Bailout datapoint of the day, Morgan Stanley edition

By Felix Salmon
December 2, 2010
ProPublica is my favorite one-stop shop for presenting the Fed data dump in an at-a-glance format. The main thing that jumps out is that three banks, more than any others, were the primary recipients of the Fed's lending facilities:

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ProPublica is my favorite one-stop shop for presenting the Fed data dump in an at-a-glance format. The main thing that jumps out is that three banks, more than any others, were the primary recipients of the Fed’s lending facilities:

bailout.tiff

I’ve included the banks in positions 4 and 5 just to make clear how big the gap is here: Citi, Merrill, and Morgan Stanley each borrowed more than $2 trillion from the Fed in total. No one else borrowed even $1 trillion.

Of course, a lot of these were overnight loans being rolled over day after day: it’s not like the Fed ever lent this much money at any one time. But the sums involved are still astonishing, especially for Merrill Lynch and Morgan Stanley. We all know what happened to Citi and to Merrill, but this underlines just how rocky Morgan Stanley was at the height of the crisis.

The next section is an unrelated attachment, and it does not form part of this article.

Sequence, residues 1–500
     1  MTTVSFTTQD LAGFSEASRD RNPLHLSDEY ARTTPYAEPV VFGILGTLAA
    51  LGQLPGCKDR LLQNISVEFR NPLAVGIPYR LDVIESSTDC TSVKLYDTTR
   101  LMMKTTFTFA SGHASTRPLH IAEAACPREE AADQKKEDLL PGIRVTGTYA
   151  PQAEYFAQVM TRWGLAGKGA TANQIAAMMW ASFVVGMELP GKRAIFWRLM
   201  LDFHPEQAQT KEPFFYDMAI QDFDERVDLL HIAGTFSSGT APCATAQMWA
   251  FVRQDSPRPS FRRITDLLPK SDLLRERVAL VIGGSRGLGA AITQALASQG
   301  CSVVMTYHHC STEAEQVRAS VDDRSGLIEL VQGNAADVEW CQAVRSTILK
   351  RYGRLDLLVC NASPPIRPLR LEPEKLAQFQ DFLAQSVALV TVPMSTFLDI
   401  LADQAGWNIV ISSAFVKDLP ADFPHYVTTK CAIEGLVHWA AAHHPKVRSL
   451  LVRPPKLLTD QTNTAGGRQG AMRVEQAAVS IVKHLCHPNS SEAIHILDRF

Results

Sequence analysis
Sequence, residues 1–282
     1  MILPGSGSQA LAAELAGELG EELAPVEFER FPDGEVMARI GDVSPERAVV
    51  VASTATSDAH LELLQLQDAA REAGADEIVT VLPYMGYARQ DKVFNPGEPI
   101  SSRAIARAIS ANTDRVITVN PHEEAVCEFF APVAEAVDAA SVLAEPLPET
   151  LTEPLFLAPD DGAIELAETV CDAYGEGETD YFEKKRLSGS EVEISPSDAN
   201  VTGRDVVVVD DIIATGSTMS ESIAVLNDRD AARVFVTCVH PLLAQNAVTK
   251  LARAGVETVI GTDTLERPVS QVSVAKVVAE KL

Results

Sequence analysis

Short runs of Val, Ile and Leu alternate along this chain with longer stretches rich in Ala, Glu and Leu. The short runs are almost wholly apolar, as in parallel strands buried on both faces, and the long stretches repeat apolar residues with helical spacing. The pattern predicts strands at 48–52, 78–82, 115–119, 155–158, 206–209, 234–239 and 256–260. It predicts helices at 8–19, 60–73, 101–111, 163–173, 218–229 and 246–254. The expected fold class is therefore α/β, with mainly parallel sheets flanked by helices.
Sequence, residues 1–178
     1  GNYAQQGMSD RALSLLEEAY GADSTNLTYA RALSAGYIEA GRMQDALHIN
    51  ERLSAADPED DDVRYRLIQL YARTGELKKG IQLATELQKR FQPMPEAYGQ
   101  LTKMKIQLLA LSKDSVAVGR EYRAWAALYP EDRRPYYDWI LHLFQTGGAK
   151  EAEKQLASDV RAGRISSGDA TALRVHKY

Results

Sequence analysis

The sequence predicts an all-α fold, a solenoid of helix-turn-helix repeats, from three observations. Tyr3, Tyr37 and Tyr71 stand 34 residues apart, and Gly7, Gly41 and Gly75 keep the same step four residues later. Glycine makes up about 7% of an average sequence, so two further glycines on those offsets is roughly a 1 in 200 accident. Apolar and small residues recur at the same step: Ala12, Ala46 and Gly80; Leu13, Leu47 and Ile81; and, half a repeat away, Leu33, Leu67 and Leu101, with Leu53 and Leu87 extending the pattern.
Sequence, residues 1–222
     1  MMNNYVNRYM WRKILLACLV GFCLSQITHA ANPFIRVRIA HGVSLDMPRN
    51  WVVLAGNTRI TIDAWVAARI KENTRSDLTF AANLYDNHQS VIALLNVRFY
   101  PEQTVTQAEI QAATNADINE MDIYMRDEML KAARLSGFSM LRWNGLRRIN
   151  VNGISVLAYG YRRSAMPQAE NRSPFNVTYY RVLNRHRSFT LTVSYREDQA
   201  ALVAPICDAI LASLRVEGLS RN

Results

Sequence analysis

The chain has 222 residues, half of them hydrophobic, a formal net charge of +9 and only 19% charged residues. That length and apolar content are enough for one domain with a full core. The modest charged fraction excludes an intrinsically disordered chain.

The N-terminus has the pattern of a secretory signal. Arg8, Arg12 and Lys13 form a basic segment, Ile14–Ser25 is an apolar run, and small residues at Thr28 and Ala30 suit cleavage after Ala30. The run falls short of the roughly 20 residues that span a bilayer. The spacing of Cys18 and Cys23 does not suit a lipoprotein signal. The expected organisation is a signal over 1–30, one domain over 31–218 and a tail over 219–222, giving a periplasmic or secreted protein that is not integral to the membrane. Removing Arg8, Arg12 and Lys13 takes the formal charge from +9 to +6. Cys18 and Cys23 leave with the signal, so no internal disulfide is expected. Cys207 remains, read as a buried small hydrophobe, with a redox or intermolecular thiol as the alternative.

The only time I’ve ever got a genuine death threat from my blogging was when I wrote this, on October 9, 2008:

It looks like we’re getting close to one of the market’s vicious syllogisms here: without the market’s trust, Morgan Stanley is nothing. The market doesn’t trust Morgan Stanley. Therefore, Morgan Stanley is, well, toast.

My guess is that at some point over the weekend, Hank Paulson will announce that he’s using his new authorities under the TARP to effectively nationalize Morgan Stanley, following Gordon Brown’s lead in the UK. And Morgan Stanley will only be the first of many banks to suffer such a fate.

I was right about the government stepping in to save Morgan Stanley from a vicious market where it couldn’t stand alone; I was just wrong about which arm of the government would be intervening. It wasn’t Treasury, it was the Fed.

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